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Starting to publish and a fellowship at Stanford


My second year at Oxford
Donald Hall Poet
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I came back home and got married - my first marriage - and then lived out on Banbury Road in digs with my wife, as a second year, when I began taking notes. I wrote a thesis... I wanted to write about prosody. Eventually I intended to write about the prosody of modern poetry. I never did, but I wanted to do background to it, and so I had a supervisor called Catharine Inge, who was the only Don at Oxford in English who was interested in prosody, and we arrived at a... something I could handle, which was to write about 18th century prosodists in England, and there were about 10 of them that I wrote about, including a wonderful musical prosodist - I think he's wrong - but incredibly original, named Joshua Steele.  And I worked at the Duke Humfrey's Library at the Bodleian... the oldest part of the Bodleian. You'd come there and order books and it would take them about two hours to deliver them, and so you went and drank tea for a while, and came back.  Or I went down sometimes - Bodleian didn't have all the books - to The British Museum, and worked in that circular reading room, which was great fun.  But I wrote it and we didn't... didn't go abroad that... yes, we did that Christmas time. That Christmas time, we drove across the Channel to France, to Austria, and then out through the Russian sector into Yugoslavia. We were going to Greece... we drove to Greece, and in Yugoslavia there were no real viable roads. We had to forge streams in our Morris Minor, and it was astonishing - we got stuck a couple of times. People who happened to be working in the fields, and they lifted it up - it was a very light car - and carried it, and so on. And then we drove down the length of Greece to Athens, and coming back, I put it on a boat at Piraeus, and took it over to Brindisi. I didn't want to drive back. When we arrived in Skopje in Southern Yugoslavia, we went to the travel bureau which we had to go to, and they said, 'Yes, and you came from Dubrovnik', and I said, 'No, we drove down from Niš', and they said, 'No, that's impassable'. I said, 'Yes but nobody told us!' We drove down from Niš, and it was a wonderful trip, and I wrote about that too of course, and came back and finally got down to work on my thesis, and got it done, and graduated.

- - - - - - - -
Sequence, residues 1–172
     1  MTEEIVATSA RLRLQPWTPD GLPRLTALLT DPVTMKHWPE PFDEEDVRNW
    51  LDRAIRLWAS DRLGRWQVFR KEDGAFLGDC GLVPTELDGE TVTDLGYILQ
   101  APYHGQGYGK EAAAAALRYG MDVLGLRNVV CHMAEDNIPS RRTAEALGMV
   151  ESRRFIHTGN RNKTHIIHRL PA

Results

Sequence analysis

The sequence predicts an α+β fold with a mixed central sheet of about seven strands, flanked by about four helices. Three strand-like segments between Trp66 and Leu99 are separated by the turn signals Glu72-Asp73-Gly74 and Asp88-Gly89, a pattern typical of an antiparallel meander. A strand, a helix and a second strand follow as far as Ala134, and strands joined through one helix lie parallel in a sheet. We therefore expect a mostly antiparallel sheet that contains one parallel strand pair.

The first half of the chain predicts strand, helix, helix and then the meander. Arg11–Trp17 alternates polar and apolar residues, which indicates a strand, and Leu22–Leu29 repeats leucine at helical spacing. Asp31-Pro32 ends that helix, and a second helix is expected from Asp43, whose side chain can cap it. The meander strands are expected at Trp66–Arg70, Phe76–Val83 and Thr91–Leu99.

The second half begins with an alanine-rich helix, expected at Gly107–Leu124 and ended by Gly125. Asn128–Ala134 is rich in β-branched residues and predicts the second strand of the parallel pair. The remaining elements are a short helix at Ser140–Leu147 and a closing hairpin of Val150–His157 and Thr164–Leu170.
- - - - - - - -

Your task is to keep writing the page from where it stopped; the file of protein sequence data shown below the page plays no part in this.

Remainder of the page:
The 14th US Poet Laureate Donald Hall (1928-2018) was educated at Phillips Exeter Academy, then earned a bachelor's degree from Harvard in 1951 and a BLitt, from Oxford in 1953. He published many essays and anthologies of both poetry and prose including String too Short to be Saved: Recollections of Summers on a New England Farm, White Apples and the Taste of Stone, Without: Poems, and Ox-Cart Man, a children's book which won the Caldecott Medal. Hall was editor of the magazine Oxford Poetry, literary editor of Isis, editor of New Poems, and poetry editor of The Paris Review. He won many awards, including two Guggenheim Fellowships and a Robert Frost Medal. At the end of his first Oxford year, he also won the university's Newdigate Prize, awarded for his poem Exile.

Listeners: Kendel Currier

Kendel Currier started working for Donald Hall in August of 1994 as his correspondence typist. Later she took on his manuscript typing as well, and in October of 1998 moved 100 meters down the road from Donald and became his personal assistant, adding many various new tasks to her work. As well as working for Donald for the last 10 and-a-half years, Donald Hall and Kendel Currier share a set of great (or for Kendel great-great) grandparents, making them distant cousins and part of a similar New Hampshire heritage.

Tags: University of Oxford, Banbury Road, Duke Humfrey's Library, Bodleian Library, British Museum, English Channel, France, Austria, Yugoslavia, Greece, Athens, Piraeus, Brindisi, Skopje, Dubrovnik, Niš, Catharine Inge, Joshua Steele

Duration: 3 minutes

Date story recorded: January 2005

Date story went live: 24 January 2008